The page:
Health and Safety for the Newborn -

Health and Safety for the Newborn

Hello friends and neighbours.  I wanted to take a moment and talk about the newest edition to your family.  Those little newborn babies.  First of all, congratulations on your child and expanding your family.  Secondly, I want to explain a few health and safety tip that a lot of new parents do not really think about.  As a Health Educator, it is important that the best practice is known by people so they can make the best decisions for their families and those who cannot care for themselves.  Choking and breathing issues are all too common for infants. . . take a look at this

One of the first things I like to mention to new parents is co-sleeping.  The University of Notre Dame has given a great comprehensive list as to why cosleeping/bedsharing with infants is not the best practice.  Look at this list from UND.  (

Bedsharing: It is important to be aware that adult beds were not designed to assure infants safety!

  1. It is important to realize that the physical and social conditions under which infant-parent cosleeping occur, in all its diverse forms, can and will determine the risks or benefits of this behavior. What goes on in bed is what matters.
  2. Bottlefeeding babies should always sleep alongside the mother on a separate surface rather than in the bed.
  3. If bedsharing, ideally, both parents should agree and feel comfortable with the decision. Each bed-sharer should agree that he or she is equally responsible for the infant and acknowledge before sleeping that they are aware that the infant is present in the bed space. Do not place an infant in the bed with a sleeping adult who is not aware that the infant is in the bed with them. My feeling is that both parents should think of themselves as primary caregivers.
  4. Infants a year or less should not sleep with other/older child siblings — but always with a person who can take responsibility for the infant being in the bed.
  5. Persons taking sedatives, medications or drugs, or intoxicated from alcohol or other substances, or otherwise excessively unable to arouse easily from sleep should not cosleep on the same surface with the infant.
  6. Excessively long hair on the mother should be tied up to prevent infant entanglement around the infant’s neck (yes, this has very unfortunately happened).
  7. Extremely obese persons or others who may have difficulty feeling where exactly or how close their infant is in relation to their own body, may wish to have the infant sleep alongside but on a different surface, such as a cosleeper attachment.
  8. Finally, it may be important to consider or reflect on whether you would think that you suffocated your baby if, under the most unlikely scenario, your baby died from SIDS while in your bed. Just as babies can die from SIDS in a risk-free solitary sleep environment, it remains possible for a baby to die in a risk-free cosleeping/bedsharing environment. Just make sure, as much as this is possible, that you would not assume that if the baby died, that either you or your spouse would think that bed-sharing contributed to the death, or that one of your really suffocated (by accident) the infant. While this is an unpleasant and uncomfortable topic, it is one that is worth thinking about before you make the choice to cosleep/bedshare with your infant.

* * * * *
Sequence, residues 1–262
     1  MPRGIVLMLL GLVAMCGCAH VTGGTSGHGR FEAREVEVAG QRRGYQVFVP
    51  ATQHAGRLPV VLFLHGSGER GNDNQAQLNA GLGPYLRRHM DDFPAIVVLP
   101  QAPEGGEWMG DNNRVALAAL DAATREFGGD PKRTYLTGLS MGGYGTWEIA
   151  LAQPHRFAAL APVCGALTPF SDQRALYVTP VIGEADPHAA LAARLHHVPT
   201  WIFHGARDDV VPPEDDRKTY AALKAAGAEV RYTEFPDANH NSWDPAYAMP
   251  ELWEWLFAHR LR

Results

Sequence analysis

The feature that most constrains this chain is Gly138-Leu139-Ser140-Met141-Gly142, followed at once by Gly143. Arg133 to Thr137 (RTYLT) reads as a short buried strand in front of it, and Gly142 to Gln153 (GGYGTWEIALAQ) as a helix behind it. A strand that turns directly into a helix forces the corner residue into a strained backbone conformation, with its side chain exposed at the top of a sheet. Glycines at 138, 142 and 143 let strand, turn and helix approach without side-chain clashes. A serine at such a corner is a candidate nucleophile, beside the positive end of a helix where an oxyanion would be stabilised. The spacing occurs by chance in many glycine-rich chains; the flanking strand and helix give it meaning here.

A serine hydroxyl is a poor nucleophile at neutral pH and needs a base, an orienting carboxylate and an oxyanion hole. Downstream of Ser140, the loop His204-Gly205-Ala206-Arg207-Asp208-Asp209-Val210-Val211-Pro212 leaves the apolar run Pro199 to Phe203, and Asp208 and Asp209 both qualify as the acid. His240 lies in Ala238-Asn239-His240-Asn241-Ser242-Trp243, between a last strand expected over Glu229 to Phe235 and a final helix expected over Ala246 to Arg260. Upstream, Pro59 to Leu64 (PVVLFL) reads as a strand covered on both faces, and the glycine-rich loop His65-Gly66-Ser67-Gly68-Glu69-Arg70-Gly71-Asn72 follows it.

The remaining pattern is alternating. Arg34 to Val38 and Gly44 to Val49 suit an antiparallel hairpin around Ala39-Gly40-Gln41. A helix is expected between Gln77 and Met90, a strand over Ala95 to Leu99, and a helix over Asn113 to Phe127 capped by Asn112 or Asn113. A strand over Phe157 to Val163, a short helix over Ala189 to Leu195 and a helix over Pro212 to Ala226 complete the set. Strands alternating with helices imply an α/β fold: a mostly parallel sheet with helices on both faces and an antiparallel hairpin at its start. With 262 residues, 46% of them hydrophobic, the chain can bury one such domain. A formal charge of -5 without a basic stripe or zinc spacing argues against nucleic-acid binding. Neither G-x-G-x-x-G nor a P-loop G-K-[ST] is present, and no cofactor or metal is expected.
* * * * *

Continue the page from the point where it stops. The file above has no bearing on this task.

We also love decorating the baby’s room with plush bedding and stuffed animals, but this can also be a hazard to the infant.  The American Academy of Pediatrics states that: More than 3,500 babies in the U.S. die suddenly and unexpectedly every year while sleeping, often due to sudden infant death syndrome (SIDS) or accidental deaths from suffocation or strangulation.  In an effort to reduce the risk of all sleep-related infant deaths, the American Academy of Pediatrics’ (AAP) updated policy statement and technical report includes new evidence that supports skin-to-skin care for newborn infants; addresses the use of bedside and in-bed sleepers; and adds to recommendations on how to create a safe sleep environment.

To help lessen the likely hood of crib suffocation, reduce the stuffed animals, bulky blankets, pillows and extras we put in the crib for decoration.  Always, when placing the infant in the crib, place those babies on their back.  If and when they get to the point where they can roll over, then that is fine.  It is highly recommended by many accrediting institutions that the infants are betting placed on their backs.

There are so many things that new parents need to be aware of with newborn children, I did not want to overwhelm you with so much information. So, now you know some of those things that might not be best practice with those newborns that cause babies to stop breathing, how can we be trained to help those babies?  Well this is how.  Being prepared and trained in CPR in order to help those infants is best practice.  If we notice a change in color and temperature of these children, this is a sign that they are no longer breathing.  We immediately need to jump into action and providing full service CPR with chest compressions and rescue breaths is the best, if you are unable or unwilling to do the rescue breathing, then you can perform what is called compression only CPR.  CPR will help circulate blood and oxygen throughout the body to keep organs and organ systems viable. It is important to activate the EMS system as quickly as possible to get advanced medical care for the child.

Please, take a class, be prepared and love those babies.

Further Reading:

The Ultimate Guide to Baby Sleep Safety and SIDS Awareness

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